• Watchable enough on its own terms, but insufferably glib next to something like Shoah.

    Nov 7, 2007 | Full Review…
    Chicago Reader
    Top Critic
  • There are no surprises in the direction, and Abby Mann's screenplay plays the expected tunes, but there's enough conviction on display to reward a patient spectator.

    Jun 24, 2006 | Full Review…
    Time Out
    Top Critic
  • Judgment at Nuremberg remains an epic film.

    Aug 13, 2019 | Rating: 5/5 | Full Review…
  • The screenplay, by Abby Mann, must be given A for effort. It concentrates on the moral-historical question of the responsibility of the German people for the Nazi horrors... Without Mr. Mann's script, it would have been just another courtroom drama.

    Jul 30, 2019 | Full Review…
  • Most powerful for its subtle and shaded characterizations of both victim and victimizer.

    Aug 1, 2013 | Rating: 72/100 | Full Review…

Audience Reviews for Judgment at Nuremberg

  • Sep 11, 2017
    Outstanding film. Star-studded with several fantastic performances. Highly emotional given the subject matter, but presented in a very intelligent, balanced way. I was struck at once by that, and by how well director Stanley Kramer gives us both sides of the argument - and avoids simply paying lip service to the defense of the German judges on trial. Maximilian Schell is brilliant as the defense attorney, well worthy of his Oscar, and is forceful and compelling in his arguments. There are also so many brilliant scenes. Spencer Tracy walking in the empty arena where the Nazi rallies were held, with Kramer focusing on the dais from which Hitler spoke. The testimony of Montgomery Clift and Judy Garland, both of whom are outstanding and should have gotten Oscars. Burt Lancaster in the role of one of the German judges, the one tortured by his complicity, knowing he and others are guilty. The devastating real film clips from the concentration camps, which are still spine tingling despite all we 'know' or have been exposed to. Marlene Dietrich as the German general's wife, haunted but expressing the German viewpoint, one time while people are singing over drinks. Her night stroll with Tracy, as she explains the words to one song, is touching. It just seemed like there was just one powerhouse scene after another, and the film did not seem long at all at three hours. Heck, you've even got Werner Klemperer and William Shatner before they would become Colonel Klink and Captain Kirk! In this film, the acting, the script, and the direction are all brilliant, and in harmony with one another. As for the trial itself, the defense argument was along these lines: they were judges (and therefore interpreters), not makers of law. They didn't know about the atrocities in the concentration camps. At least one of them saved or helped many by staying in their roles and doing the best they could under the heavy hand of the Third Reich. They were patriots, saw improvement in the country when Hitler took power, but did not know how far he would go. If you were going to convict these judges, you would have to convict many more Germans (and where would it stop?). The Americans themselves practiced Eugenics and killed thousands and thousands of innocents at Hiroshima and Nagasaki. The one small weakness I found was that the defense never makes the simple argument that these judges were forced to do what they did, just as countless others in Germany were, and would have been imprisoned or killed themselves had they not complied. Anyone who's lived under a totalitarian regime may understand, or at least empathize. I'm not saying I bought into these arguments or that one should be an apologist to Nazis, but the fact that the film presented such a strong defense was thought provoking. How fantastic is it that Spencer Tracy plays his character the way he does - simply pursuing the facts, and in a quiet, thoughtful way. It's the best of humanity. How heartbreaking is Burt Lancaster's character, admitting they knew, admitting their guilt, knowing that what happened was horrible and that they were wrong, and yet seeking Tracy's understanding in that scene in the jail cell at the end - intellectual to intellectual - and being rebuked. Even a single life taken unjustly was wrong. Had the Axis won the war, I don't know which Americans would have been on trial for war crimes for the fire bombings of Dresden and Tokyo, or for dropping the atomic bombs, but the film makes one think, even for a war when things were seemingly as black and white as they could ever be. The particulars of this trial were fictionalized, but it's representative of what really occurred, and it transports you into events 70 years ago which seem so unreal today - and yet are so vitally important to understand, and remember.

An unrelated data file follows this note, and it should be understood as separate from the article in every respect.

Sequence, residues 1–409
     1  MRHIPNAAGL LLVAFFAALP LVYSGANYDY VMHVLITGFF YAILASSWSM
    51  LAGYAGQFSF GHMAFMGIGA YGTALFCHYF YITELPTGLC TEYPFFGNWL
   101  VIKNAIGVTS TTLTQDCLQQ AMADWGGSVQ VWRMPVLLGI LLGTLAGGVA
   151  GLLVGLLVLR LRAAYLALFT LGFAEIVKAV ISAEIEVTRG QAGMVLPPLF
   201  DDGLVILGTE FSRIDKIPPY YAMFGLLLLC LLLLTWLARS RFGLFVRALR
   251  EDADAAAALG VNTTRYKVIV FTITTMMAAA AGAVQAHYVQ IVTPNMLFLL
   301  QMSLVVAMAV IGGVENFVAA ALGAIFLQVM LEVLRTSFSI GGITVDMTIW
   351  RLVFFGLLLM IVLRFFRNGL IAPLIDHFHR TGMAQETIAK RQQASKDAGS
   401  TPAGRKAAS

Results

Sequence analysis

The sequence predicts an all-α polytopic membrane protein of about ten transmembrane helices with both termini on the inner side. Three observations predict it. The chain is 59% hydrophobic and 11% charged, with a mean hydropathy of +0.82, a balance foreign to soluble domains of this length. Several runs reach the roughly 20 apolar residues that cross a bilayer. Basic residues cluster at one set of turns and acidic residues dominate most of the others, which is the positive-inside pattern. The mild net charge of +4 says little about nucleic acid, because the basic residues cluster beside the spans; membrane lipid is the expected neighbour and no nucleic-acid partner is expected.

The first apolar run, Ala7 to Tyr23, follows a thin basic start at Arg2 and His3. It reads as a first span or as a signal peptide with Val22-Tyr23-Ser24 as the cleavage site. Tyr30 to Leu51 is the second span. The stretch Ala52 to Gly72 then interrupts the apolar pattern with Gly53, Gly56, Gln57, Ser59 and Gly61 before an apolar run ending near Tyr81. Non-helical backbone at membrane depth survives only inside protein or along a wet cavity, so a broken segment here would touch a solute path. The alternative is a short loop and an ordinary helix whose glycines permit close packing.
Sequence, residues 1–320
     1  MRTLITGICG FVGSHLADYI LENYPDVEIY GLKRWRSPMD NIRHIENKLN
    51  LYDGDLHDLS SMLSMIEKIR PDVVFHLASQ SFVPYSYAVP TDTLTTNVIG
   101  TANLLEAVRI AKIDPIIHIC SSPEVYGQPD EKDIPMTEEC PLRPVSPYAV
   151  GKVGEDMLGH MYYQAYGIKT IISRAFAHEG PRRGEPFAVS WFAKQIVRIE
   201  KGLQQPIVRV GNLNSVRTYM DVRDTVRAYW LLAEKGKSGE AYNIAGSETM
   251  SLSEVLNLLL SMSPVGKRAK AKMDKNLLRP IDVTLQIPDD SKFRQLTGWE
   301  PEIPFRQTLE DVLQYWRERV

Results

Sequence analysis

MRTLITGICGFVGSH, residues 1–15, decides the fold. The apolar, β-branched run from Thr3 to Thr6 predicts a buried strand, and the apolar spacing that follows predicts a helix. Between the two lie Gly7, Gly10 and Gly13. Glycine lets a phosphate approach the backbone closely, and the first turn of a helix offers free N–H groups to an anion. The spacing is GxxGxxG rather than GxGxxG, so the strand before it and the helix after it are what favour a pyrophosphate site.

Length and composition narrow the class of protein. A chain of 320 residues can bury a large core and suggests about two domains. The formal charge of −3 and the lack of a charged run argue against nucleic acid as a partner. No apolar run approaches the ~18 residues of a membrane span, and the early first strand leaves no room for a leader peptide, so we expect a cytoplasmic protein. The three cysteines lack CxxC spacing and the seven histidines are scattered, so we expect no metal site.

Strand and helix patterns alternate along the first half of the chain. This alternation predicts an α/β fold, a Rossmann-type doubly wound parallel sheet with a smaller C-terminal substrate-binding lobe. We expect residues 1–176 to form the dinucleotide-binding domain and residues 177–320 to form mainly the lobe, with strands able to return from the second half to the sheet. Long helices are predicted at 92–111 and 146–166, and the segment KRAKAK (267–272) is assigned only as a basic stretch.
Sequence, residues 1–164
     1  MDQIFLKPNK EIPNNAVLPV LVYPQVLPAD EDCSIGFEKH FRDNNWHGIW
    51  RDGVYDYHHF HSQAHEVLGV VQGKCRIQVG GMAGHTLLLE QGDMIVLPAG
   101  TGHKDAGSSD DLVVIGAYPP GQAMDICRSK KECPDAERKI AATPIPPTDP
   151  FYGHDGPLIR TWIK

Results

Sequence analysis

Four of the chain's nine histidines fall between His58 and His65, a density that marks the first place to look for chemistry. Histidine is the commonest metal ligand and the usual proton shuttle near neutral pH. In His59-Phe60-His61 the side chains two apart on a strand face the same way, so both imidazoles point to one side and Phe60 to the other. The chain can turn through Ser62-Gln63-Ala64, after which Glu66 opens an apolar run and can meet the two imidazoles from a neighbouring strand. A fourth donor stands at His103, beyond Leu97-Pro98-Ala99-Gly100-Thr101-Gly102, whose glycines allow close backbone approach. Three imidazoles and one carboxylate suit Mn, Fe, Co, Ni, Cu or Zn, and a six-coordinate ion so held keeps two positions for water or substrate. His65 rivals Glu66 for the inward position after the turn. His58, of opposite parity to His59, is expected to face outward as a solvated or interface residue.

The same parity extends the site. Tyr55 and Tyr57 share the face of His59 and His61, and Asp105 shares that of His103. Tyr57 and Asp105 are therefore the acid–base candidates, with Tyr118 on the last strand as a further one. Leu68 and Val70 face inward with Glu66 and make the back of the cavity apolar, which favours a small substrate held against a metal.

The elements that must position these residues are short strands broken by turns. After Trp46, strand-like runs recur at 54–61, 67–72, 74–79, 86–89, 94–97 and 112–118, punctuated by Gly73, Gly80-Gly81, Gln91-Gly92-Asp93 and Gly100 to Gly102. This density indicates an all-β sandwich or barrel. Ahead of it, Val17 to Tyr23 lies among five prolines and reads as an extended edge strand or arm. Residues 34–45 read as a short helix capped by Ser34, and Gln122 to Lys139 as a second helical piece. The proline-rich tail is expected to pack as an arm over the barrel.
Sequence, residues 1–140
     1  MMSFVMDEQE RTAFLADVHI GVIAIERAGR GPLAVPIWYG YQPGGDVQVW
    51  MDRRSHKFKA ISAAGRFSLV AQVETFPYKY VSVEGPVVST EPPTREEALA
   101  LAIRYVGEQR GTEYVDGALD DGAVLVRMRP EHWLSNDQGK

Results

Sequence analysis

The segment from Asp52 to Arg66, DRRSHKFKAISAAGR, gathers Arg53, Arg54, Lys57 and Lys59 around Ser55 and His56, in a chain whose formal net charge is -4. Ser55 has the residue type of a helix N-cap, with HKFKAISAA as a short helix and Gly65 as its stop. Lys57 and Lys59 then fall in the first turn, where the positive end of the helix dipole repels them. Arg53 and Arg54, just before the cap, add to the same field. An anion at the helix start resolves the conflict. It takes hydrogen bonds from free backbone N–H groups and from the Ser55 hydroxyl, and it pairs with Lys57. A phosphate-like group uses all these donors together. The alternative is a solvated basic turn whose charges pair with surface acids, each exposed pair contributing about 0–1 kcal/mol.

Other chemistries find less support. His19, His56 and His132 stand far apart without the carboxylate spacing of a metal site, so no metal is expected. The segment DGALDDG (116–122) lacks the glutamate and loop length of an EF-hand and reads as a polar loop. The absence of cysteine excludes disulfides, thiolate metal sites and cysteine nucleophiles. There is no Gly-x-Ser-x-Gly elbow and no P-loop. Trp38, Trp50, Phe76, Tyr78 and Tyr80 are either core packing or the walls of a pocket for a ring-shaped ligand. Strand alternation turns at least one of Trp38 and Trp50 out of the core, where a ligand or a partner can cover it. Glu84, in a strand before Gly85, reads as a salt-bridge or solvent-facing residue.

Antonius B Super Reviewer
  • Jun 19, 2017
    Kramer's films can be a bit overlong and a bit too obsessed with their own importance. While "Judgment at Nuremberg" suffers from both, neither issue eclipses the film's stronger elements (namely most of the performances, and the writing).
    Alec B Super Reviewer
  • Aug 09, 2016
    Excellent. One of the best courtroom dramas ever made. If you're interested in World War 2, you should check this out.
    Stephen S Super Reviewer
  • May 21, 2014
    Leaders of the Third Reich are put on trial at Nuremberg with a thoughtful American judge at the helm. The themes in the film are remarkably varied and explored with an impressive degree of depth. How do we judge a people, a society? Can we separate individuals from the society to which they belong? What is the proper response to travesty? Does following orders exonerate those who carry out crimes? This is a film about deep philosophical matters, and it both poses answers and puts the onus on its audience. The natural dignity of Spencer Tracy has never been put to better use, and his performance is matched by the soulful Burt Lancaster and the fiery Maximilian Schell. Overall, usually important films are tedious, but this one is too important to miss.
    Jim H Super Reviewer